Like his contemporary American giant of literature, Ernest Hemingway, John Steinbeck would serve as a war correspondent during World War Two. He'd travel to Nazi occupied islands in the Caribbean, and then he'd travel to Nazi occupied North Africa, and survive a close call with an explosion at a munitions dump, and then resign - weary of war.
Post war, Steinbeck would travel often to the Soviet Union, and perhaps he identified with the communist ideal? Sue me - I do too. Visiting Moscow, Kiev, Tbilisi, Batumi and Stalingrad with photographer Robert Capa, the two would publish A Russian Journal and be two of the very few Americans that had been able to visit the Soviet monster state after the transition.
By 1948 John's second wife was sick of his travelling for his work, and she'd divorce him, and he'd directly marry his third wife, Elaine Scott.Sometimes the third time really is the charm, and John's third marriage would be the right kind of marriage, and only at his death would they part.
He'd spend the first several years of their marriage in deep depression as his best friend, Ed Ricketts, had been in a car that was hit by a train, and had died. Ed had been a major influence on John, and from the beginning of his literary career.Ricketts was a naturalist, and his love of ecology had affected John thoroughly, at least four of the John Steinbeck novels featured a character that was based entirely upon the very real Ed Ricketts. When Ricketts passed away - the writing of Steinbeck declined considerably.
In 1966, Steinbeck traveled to Tel Aviv to visit the site of Mount Hope, a farm community established in Israel by his grandfather, whose brother, Friedrich Grosssteinbeck, was murdered by Arab marauders in 1858, roughly one hundred and ten years following the Steinbeck forefather's death in Israel, and on December 20, 1968 - would pass John Steinbeck,of congestive heart failure - he'd been a lifetime cigarette smoker, and a literary master of the English language that was throughout his life a champion of the poor, and of human dignity in a world controlled by super wealthy oligarchs and their demonic spiritual masters.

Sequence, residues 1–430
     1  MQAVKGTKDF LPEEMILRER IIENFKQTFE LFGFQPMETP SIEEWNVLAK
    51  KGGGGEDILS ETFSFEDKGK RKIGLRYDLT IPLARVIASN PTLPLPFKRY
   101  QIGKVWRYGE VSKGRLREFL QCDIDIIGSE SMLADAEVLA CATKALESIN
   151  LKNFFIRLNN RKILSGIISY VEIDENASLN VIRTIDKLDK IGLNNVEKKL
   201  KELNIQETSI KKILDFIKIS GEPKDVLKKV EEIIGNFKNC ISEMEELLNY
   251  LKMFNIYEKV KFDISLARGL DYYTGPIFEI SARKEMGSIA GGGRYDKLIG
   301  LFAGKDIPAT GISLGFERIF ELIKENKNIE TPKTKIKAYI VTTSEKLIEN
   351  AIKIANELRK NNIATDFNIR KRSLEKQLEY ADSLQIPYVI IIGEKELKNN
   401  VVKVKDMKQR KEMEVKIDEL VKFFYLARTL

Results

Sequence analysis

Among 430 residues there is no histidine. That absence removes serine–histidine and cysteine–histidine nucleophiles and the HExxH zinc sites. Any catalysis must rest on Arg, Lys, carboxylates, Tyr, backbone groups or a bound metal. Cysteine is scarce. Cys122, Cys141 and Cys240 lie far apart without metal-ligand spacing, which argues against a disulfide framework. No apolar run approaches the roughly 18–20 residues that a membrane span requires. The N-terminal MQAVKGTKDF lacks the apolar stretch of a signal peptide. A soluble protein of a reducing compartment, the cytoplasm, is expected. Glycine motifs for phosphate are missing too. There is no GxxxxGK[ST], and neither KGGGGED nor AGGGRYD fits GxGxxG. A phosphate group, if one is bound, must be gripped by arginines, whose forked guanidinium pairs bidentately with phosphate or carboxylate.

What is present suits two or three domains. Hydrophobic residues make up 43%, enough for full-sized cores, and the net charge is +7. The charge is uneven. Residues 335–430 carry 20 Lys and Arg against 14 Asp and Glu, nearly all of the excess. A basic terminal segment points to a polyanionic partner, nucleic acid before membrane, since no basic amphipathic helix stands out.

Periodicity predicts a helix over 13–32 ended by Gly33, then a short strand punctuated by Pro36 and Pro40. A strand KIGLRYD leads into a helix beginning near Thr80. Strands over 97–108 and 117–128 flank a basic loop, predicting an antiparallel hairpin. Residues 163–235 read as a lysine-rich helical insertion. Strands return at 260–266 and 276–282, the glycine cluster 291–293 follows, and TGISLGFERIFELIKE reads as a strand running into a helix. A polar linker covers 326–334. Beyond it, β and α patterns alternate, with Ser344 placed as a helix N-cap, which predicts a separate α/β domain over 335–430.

Ernest Hemingway - The Great Man - Posing For Himself In A Mirror
John Steinbeck And Ernest Hemingway
- Hemingway And Steinbeck | The Writer Who Said What Hemingway Couldn't - Los Angeles Times
John Steinbeck and Ernest Hemingway did not know each other personally, although they had a number of friends, such as the photographer Robert Capa, in common. Both writers were nearly silent about
Steinbeck And Ernest Hemingway
One of the most respected of John Steinbeck's novels, The Grapes Of Wrath, had been published in 1939, and had given him a lot of respect and monetary success. John was a few years younger than was Ernest Hemingway, and they had shared some very real mutual admiration. John admired Hemingway's short stories. and Papa Hemingway thought the war reporting of John Steinbeck was brilliant. The truth of all this seems to be that Hemingway saw Steinbeck as a threat, and as great a man as Hemingway was, and as talented a writer as he will forever be remembered as, Ernest Hemingway had massive issues with his own masculinity, and felt some bizarre need to always show dominance over everyone.
They met for dinner with some friends. They drank, and Ernest Hemingway, of course, got drunk - and the evening ended very badly with Ernest Hemingway breaking someone else's cane over his head, and throwing the pieces at the owner. John Steinbeck was not impressed, and John Steinbeck was not the sort of man to have issues with his masculinity - Steinbeck had no need to show that he was a man, and as the story goes - came very close to losing his temper, and damaging the Hemingway face, and ego with fisticuffs....er..he'd wanted to smash his face, but his wife prevented it.
Said John Steinbeck of Ernest Hemingway,
"in many ways . . . the finest writer of our time,"
And In East Of Eden, Steinbeck Said: